Helio Hermito Zampier Neto, a 31-year-old defender for Chapecoense, was in a stable condition, doctors said, after surgery on a lung, a knee, a wrist and his head.
Five other people survived the crash, which killed 71 people.
Colombian officials say evidence is growing that the plane ran out of fuel.
Miguel Quiroga, the pilot of the British-made Avro RJ85 aircraft, had been warned by an official at Santa Cruz airport, in Bolivia, where the plane took off from, that he might not have enough fuel, Bolivian Deber newspaper said.
But, despite the official's concerns, he went ahead with the flight to Medellin. The country's authorities have not yet commented.
In a leaked tape, the pilot can be heard warning of a "total electric failure" and "lack of fuel".
Two of the survivors, crew members Ximena Suarez and Erwin Tumiri, were said to be in good condition. The four others were still in intensive care.
Neto's father, Helam, said on Facebook that news of his recovery was giving the family "renewed hope and faith".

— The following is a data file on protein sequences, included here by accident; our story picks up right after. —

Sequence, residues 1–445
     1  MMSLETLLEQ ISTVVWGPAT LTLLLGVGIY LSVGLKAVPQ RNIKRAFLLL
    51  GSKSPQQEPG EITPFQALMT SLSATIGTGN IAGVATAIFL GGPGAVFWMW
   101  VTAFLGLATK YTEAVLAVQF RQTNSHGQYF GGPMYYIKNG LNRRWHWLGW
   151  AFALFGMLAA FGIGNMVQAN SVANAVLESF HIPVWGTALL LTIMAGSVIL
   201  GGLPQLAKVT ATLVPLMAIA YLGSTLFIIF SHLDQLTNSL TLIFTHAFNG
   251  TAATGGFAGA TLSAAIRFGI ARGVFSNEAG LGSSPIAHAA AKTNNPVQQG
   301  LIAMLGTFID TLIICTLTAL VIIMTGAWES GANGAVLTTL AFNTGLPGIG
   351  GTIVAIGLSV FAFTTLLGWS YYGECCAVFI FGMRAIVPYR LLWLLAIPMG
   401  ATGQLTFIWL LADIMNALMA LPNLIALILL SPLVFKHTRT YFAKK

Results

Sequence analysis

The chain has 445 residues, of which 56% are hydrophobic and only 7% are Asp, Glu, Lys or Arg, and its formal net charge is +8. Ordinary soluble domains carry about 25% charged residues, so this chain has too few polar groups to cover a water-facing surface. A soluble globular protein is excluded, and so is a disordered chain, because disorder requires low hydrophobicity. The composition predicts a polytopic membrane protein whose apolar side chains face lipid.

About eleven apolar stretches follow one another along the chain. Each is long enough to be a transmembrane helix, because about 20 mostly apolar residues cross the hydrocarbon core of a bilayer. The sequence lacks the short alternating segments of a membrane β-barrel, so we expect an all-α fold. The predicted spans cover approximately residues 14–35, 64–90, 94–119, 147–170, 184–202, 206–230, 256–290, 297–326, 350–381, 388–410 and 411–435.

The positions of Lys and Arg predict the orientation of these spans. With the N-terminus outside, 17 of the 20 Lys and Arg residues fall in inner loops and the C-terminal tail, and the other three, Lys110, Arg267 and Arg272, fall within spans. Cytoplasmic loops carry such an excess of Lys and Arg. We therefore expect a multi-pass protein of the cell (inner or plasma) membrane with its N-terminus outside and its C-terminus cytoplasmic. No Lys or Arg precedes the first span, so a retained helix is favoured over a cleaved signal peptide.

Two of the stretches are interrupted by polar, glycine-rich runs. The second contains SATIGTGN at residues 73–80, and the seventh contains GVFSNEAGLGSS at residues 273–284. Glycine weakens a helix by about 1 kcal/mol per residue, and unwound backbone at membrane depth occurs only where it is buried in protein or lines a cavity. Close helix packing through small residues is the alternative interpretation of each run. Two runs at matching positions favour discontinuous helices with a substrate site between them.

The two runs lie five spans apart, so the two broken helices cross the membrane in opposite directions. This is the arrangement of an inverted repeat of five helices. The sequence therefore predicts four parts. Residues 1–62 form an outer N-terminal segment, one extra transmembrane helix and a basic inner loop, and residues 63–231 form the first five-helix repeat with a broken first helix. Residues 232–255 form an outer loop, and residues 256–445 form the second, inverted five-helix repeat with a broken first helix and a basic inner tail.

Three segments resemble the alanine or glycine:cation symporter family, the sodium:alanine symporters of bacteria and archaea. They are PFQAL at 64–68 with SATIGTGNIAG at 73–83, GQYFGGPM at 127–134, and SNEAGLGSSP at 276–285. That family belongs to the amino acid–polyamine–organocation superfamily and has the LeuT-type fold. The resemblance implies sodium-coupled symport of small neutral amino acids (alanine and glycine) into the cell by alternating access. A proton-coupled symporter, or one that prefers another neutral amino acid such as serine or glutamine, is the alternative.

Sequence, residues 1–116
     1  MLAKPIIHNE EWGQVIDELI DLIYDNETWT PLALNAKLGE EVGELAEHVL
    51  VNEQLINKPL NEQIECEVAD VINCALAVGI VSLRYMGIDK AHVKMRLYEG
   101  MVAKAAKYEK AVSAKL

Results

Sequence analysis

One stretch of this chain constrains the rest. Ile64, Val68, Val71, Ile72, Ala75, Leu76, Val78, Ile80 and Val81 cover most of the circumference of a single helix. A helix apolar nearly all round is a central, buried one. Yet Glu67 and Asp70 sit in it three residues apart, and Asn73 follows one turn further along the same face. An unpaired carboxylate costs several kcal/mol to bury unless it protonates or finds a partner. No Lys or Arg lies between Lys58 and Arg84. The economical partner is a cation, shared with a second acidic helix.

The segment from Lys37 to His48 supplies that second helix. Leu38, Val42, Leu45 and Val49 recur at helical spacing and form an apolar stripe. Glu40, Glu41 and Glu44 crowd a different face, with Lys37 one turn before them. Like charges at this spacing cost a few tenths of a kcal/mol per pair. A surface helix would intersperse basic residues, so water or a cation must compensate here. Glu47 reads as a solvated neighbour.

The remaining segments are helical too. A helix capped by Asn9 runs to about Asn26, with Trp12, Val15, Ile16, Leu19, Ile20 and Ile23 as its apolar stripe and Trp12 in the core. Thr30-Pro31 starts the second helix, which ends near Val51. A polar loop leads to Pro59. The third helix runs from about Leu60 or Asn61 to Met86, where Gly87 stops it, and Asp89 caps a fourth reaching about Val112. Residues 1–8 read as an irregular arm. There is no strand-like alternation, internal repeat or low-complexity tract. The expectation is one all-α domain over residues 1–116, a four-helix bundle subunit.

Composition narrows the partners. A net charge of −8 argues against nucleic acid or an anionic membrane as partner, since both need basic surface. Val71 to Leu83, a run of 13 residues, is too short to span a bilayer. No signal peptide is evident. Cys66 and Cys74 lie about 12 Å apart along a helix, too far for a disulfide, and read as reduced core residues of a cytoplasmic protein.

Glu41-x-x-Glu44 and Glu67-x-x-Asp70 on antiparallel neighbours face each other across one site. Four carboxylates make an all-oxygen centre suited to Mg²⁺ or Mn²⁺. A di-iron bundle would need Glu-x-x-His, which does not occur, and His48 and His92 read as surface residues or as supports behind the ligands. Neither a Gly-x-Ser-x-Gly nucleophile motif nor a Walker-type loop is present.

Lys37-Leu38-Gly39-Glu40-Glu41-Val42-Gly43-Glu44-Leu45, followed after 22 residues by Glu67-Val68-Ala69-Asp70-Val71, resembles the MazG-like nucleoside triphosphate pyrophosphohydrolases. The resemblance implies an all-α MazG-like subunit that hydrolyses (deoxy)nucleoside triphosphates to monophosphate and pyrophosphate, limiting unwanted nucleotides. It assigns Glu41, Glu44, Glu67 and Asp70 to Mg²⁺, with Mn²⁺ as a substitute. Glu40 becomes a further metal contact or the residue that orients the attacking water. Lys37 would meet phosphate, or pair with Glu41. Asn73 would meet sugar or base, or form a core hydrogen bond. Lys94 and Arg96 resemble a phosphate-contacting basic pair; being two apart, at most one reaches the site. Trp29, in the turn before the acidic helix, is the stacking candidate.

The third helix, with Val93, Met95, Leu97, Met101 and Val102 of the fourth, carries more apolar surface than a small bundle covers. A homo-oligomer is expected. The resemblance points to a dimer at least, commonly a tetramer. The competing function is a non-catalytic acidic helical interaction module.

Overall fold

"My son is getting better and better. He has just undergone surgery on his leg and doctors say he will return to football," he said.
"We shall continue praying because we still need his discharge from hospital to see him closely." Doctors said 24-year-old goalkeeper Jakson Ragnar Follmann would not lose his left leg, after having his right one amputated.
Defender Alan Ruschel, 27, had spinal surgery, but his movements were not affected, they added.
Journalist Rafael Henzel was listed as stable.
The bodies of the Brazilian victims are due to be flown out of Medellin on Friday. Many of the victims were players and staff of Chapecoense, who were due to play in the final of the Copa Sudamericana against Medellin team Atletico Nacional.
In the squad's home town of Chapeco, in southern Brazil, temporary structures have been set up in the football stadium for an open-air wake on Saturday.
The plane's flight recorders are to be examined in the UK. A full investigation into the crash is expected to take months.